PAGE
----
ASIC1a does not play a role in evoking the metabolic component of the exercise pressor reflex in a rat model of peripheral artery disease. Am J Physiol Heart Circ Physiol 319: H171-H182, 2020. First published June 5, 2020; doi:10.1152/ajpheart.00257.2020.-The role of the ASIC1a in evoking the exercise pressor reflex in rats with simulated peripheral artery disease is unknown. This prompted us to determine whether ASIC1a plays a role in evoking the exaggerated exercise pressor reflex in decerebrated rats with simulated peripheral artery disease. To simulate peripheral artery disease, we ligated the left femoral artery 72 h before the experiment. The right femoral artery was freely perfused and used as a control. To test our hypothesis, we measured the effect of injecting two ASIC1a blockers into the arterial supply of the triceps surae muscles with and without the femoral artery ligated on the reflex pressor responses to 1) static contraction of the triceps surae muscles, 2) calcaneal tendon stretch, and 3) intra-arterial injection of diprotonated phosphate (pH 6.0). We found that the ASIC1a blockers psalmotoxin-1 (200 ng/kg) and mambalgin-1 (6.5 μg/kg) decreased the pressor responses to static contraction as well as the peak pressor responses to injection of diprotonated phosphate when these responses were evoked from the freely perfused hindlimb. In contrast, ASIC1a blockers only decreased the peak pressor responses evoked by injection of diprotonated phosphate in the hindlimb circulation with simulated peripheral artery disease. This inhibitory effect was less than the one measured from the healthy hindlimb. Independently of the hindlimb of interest, ASIC1a blockers had no effect on the pressor responses to tendon stretch. Our results do not support the hypothesis that ASIC1a play a role in evoking the exercise pressor reflex arising from a hindlimb with simulated peripheral artery disease. NEW & NOTEWORTHY The role of ASIC1a in evoking the metabolic component of the exercise pressor reflex in peripheral artery disease is unknown. Using a within-rat experimental design, we found that the contribution of ASIC1a decreased in a rat model of peripheral artery disease. These results have key implications to help finding better treatments and improve morbidity, quality of life, and mortality in patients with peripheral artery disease.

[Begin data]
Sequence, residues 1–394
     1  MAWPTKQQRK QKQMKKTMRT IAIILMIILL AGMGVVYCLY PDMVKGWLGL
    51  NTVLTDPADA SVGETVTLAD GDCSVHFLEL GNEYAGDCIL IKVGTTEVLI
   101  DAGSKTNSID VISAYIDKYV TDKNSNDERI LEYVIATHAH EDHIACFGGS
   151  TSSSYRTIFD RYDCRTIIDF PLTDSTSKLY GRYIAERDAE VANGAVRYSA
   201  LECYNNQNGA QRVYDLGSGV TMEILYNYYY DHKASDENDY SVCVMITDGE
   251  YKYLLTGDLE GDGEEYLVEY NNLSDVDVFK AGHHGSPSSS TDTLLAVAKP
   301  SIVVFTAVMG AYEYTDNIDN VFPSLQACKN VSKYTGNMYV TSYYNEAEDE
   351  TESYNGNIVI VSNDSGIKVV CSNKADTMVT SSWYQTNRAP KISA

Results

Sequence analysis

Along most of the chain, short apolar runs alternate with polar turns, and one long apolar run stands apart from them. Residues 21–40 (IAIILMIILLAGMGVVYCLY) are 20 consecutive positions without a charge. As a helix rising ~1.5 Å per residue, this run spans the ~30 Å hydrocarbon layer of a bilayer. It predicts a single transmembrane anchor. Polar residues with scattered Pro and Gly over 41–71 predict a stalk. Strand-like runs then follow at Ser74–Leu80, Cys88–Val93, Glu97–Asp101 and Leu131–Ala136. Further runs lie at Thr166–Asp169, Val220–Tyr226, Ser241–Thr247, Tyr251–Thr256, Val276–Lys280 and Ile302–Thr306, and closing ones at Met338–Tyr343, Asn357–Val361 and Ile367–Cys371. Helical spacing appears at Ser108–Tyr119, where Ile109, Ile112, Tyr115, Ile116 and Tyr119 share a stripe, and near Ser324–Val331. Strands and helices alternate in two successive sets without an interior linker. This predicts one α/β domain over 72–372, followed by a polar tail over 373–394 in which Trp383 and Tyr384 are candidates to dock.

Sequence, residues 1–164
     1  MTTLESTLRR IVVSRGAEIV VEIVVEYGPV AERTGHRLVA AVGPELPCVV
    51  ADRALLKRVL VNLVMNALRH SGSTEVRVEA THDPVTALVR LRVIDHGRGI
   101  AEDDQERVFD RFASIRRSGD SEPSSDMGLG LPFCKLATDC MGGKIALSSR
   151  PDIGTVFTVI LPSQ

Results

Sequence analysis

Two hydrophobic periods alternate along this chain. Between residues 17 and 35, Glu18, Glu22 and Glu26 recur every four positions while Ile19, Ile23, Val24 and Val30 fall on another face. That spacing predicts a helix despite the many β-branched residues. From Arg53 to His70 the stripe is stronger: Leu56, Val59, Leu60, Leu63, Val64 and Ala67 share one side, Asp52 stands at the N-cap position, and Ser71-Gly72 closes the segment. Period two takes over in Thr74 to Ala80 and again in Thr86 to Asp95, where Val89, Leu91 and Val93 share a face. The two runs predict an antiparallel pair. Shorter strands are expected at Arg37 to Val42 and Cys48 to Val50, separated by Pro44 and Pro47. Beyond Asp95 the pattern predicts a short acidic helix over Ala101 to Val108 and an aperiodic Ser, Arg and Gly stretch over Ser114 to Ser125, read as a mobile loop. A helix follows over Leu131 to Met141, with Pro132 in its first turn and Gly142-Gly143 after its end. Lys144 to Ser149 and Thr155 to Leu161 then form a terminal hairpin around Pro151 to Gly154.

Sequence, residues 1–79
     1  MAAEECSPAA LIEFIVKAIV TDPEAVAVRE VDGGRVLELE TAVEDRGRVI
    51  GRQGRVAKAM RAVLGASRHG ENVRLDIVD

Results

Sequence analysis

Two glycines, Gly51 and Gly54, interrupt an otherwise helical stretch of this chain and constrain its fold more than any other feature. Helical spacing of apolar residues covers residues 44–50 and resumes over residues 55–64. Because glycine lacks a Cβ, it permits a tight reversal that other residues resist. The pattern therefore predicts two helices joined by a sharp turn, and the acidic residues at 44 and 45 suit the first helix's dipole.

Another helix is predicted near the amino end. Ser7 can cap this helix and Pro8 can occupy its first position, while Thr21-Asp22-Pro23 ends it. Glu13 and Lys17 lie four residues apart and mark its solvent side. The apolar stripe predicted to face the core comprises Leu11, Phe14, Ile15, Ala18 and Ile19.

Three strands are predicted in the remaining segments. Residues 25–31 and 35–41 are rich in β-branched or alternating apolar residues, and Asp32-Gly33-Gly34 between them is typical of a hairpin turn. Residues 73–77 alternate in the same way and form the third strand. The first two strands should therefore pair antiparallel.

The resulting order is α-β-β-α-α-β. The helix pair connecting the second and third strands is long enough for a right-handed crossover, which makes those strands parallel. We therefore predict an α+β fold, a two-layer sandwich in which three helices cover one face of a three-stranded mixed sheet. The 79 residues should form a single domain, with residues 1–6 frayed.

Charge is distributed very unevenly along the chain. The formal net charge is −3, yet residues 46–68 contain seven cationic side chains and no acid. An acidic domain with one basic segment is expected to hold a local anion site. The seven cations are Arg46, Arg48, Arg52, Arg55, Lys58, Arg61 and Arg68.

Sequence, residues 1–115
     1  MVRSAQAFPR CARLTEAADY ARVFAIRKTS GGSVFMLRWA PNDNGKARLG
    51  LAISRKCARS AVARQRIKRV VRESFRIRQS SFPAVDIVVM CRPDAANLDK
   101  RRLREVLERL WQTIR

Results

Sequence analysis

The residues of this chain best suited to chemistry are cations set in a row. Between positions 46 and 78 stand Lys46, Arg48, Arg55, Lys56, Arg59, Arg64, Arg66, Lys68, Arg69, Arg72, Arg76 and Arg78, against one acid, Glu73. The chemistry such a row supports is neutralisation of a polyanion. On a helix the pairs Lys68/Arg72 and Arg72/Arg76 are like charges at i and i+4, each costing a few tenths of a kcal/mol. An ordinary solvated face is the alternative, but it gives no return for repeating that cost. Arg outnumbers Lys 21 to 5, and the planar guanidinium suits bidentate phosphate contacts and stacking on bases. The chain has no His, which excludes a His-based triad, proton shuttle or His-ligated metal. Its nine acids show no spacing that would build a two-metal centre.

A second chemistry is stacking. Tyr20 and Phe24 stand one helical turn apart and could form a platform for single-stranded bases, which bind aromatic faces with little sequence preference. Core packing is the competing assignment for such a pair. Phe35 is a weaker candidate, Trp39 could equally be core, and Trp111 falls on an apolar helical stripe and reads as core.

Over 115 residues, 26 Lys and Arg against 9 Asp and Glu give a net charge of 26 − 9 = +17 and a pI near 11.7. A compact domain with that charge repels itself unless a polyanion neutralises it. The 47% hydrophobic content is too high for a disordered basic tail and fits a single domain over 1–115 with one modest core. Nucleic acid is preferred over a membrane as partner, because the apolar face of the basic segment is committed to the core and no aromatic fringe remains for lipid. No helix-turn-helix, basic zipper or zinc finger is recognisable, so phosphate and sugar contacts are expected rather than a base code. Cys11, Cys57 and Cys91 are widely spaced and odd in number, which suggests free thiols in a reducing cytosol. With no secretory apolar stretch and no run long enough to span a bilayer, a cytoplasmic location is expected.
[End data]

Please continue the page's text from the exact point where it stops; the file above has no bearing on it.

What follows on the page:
|American Journal of Physiology - Heart and Circulatory Physiology
|Published - Jul 2020
All Science Journal Classification (ASJC) codes
- Cardiology and Cardiovascular Medicine
- Physiology (medical)